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    Problem with cheap plastic toe clips & straps is they don't hold their shape making it difficult to place your foot into the toe clip starting from a traffic light. Steel toe clips with leather (or sturdy strap) straps are much better.
    __________________________________________
    "You spend the whole time afraid you're weak, but clawing every second knowing that if you can just shut your mind off and turn the pedals 1 more time you're going to be 1 pedal turn closer." -- Psimet

  20. #20
    Senior Member robotkiller's Avatar
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    Quote Originally Posted by puppypilgrim View Post
    My only outstanding issue is a hollow, metallic creaking that is heard when I am pedaling. When I spun the front wheel independently, it seemed to spin forever without resistance. When I removed the chain from the crank and spun it, it was completely silent too. When I removed the rear wheel and spun it without a chain, it was quiet. Once a chain is mounted however, there is a metallic, hollow sound. I don't know if this is due to the cog or something else.

    Overall, I am happy with the bike. New toe clips and an 18T cog yielding 72 gear inches will be happening pronto.

    Victor
    The noise could be from chain tension that's too high - the hub can bind and knock.

  21. #21
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    ^ Good point, your chain was quite tight.

    Fun ride, Victor, fun ride.

  22. #22
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    OK, gonna check the chain tension, and spoke tension on the bike this morning while watching the Masters golf on TV.

    Meanwhile, here is a ride report after 5 days of riding fixed:


    here are some observations:

    - the all chrome bike draws lots of attention and admiration in bike shops. I'm glad I got the crhome. My second choice was the Kilo Stripper in "gold digger" or "white."

    - the bike is a not especially light. If I wanted to make it lighter, I would have to change to a carbon seatpost, carbon fork and a lighter wheelset. At around 20 lbs., its reasonable so I'm holding off upgrades unless needed.

    - the factory pedals are crap. The plastic toe cage would not hold its shape making the placement of your foot into the the cage very very difficult. I changed to MKS Steam pedals with metal toe cages and getting my foot into place is easy now.

    - Factory gearing is too high at 81 gear inches. I'm riding the bike at 72 gear inches by swapping an 18T cog (stock is 16T with a large 48T chainring) and it feels right for the terrain I encounter riding around Vancouver.

    - fixed gear bikes can climb! I am able to climb more efficiently (hence faster) on a fixed gear bike as it doesn't have a dead spot at the top and bottom of the stroke. I was not very aware of the the deadspot UNTIL I rode my Softride singlespeed freewheel back to back.

    - maintaining a fast cruising speed is also slightly easier on the fixed gear as the momentum of the wheels turning aids producing power. No wonder this style of bike is used for velodrome racing.

    - the factory seat doesn't fit. I've thrown on an old saddle for now and its fine.

    - riding fixed is more enjoyable than riding free. - especially for rides around the city. It requires more mindfulness and some aspects of fixed gearing riding are more dangerous than freewheeling.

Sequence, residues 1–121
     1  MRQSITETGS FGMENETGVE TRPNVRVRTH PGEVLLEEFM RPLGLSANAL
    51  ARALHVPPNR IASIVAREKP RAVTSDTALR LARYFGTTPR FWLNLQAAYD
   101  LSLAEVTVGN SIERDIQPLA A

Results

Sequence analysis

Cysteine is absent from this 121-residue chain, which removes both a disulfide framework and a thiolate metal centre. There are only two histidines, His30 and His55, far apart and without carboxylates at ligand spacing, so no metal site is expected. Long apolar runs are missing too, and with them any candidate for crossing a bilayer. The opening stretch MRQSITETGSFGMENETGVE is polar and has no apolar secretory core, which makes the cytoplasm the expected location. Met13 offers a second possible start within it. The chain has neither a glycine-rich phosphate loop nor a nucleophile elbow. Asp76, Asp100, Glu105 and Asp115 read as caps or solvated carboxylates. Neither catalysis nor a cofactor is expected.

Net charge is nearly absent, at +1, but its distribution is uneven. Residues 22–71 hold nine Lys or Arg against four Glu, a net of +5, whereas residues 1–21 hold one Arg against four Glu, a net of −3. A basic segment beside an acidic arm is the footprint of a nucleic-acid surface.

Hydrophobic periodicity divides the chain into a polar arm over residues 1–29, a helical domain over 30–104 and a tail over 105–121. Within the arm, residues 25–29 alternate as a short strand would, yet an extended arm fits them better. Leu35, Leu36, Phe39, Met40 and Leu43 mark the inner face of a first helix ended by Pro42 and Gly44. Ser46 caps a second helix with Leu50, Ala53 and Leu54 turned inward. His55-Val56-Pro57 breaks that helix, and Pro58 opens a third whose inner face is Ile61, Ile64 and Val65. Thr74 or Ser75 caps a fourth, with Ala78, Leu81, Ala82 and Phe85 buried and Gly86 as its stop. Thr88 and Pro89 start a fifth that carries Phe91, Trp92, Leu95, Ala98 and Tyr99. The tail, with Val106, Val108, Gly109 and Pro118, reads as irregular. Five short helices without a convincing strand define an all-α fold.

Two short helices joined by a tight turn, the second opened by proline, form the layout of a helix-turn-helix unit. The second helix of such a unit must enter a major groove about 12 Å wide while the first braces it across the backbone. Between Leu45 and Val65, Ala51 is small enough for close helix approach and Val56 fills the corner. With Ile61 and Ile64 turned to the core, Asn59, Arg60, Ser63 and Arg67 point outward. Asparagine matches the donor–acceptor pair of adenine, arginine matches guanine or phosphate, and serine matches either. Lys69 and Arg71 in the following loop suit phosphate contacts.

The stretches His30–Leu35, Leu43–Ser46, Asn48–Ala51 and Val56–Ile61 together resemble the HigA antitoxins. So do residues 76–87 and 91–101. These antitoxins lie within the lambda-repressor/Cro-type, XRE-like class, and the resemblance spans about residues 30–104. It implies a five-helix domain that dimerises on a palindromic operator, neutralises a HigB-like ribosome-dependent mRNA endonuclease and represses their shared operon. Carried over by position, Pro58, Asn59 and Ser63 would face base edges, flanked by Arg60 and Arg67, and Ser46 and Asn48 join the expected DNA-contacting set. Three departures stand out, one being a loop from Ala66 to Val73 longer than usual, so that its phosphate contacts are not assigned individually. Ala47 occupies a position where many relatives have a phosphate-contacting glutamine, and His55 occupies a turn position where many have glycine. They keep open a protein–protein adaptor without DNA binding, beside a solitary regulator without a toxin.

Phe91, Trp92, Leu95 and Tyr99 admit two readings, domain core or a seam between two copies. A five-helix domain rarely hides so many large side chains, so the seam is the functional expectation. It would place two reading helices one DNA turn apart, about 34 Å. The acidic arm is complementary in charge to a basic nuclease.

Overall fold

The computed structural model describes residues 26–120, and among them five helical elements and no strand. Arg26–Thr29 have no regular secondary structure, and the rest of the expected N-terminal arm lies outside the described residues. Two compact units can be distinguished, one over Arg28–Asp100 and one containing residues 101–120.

Having said that, fixed gear riding will always be a fringe activity of a sub-culture. Just like people who ride Penny Farthings and even tour the world on one. http://www.pennyfarthingworldtour.com/ Penny Farthings are the original fixed gear bikes!

    If Joff's tour around the world on a hopelessly antiquated fixed gear amuses you, you may wish to read his travel diary in detail: http://www.crazyguyonabike.com/doc/joff1
    Last edited by puppypilgrim; 04-10-11 at 11:56 AM.
    __________________________________________
    "You spend the whole time afraid you're weak, but clawing every second knowing that if you can just shut your mind off and turn the pedals 1 more time you're going to be 1 pedal turn closer." -- Psimet

  23. #23
    cats cats cats pylea's Avatar
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    Blah I'm still riding the factory gearing of 48/16... it's mostly flat here but just earlier I was climbing kind of a big hill, thinking "YES! MOMENTUM!" and then had to stop at a red light in the middle of it.

    Note to self: need new cog.

  24. #24
    Banana-tastic! JesusBananas's Avatar
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    Quote Originally Posted by puppypilgrim View Post
    - maintaining a fast cruising speed is also slightly easier on the fixed gear as the momentum of the wheels turning aids producing power. No wonder this style of bike is used for velodrome racing.
    Track bikes are actually fixed and brakeless so that people can't stop abruptly, for everyone's safety.
    Quote Originally Posted by striknein View Post
    The banana has spoken.
    Quote Originally Posted by Sixty Fiver View Post
    "This rides nearly as nicely as your mom."

  25. #25
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    Quote Originally Posted by puppypilgrim View Post
    Here are some pics and my review of the transaction with BikesDirect.com. I just got the bike today.

    PURCHASE & SHIPPING
    Bikesdirect cannot ship to Canada. So I use a package receiver that is convenient on the US side of the border. The Bikesdirect.com website cannot accept Canadian credit cards. When I emailed them, they gave me a phone number to call whereupon a staff member took my order and credit card info. and booked me a Mercier Kilo TT Stripper in Chrome. Tracking number email soon followed. They did not email me an invoice.

    I picked up the package which listed the shipping weight as 30 lbs. thereby causing me some worry about the overall weight of the bike. I set about assembling the bike when I got home. Crossing the border back into Canada, I was assessed the 12% HST sales tax - that's all.
    ... Funny, I am also a Victor and I am also in Vancouver.

    Could you explain the process of actually getting BikesDirect good up to Vancouver? I'm curious about things such as holding services and what questions/ things did you need to fill out at the border. Also some more explanation on how to use a Canadian credit card would be helpful!

    Thanks!!

    Ps. Take a look at fixedvancouver.com if you want to check out the local fixed community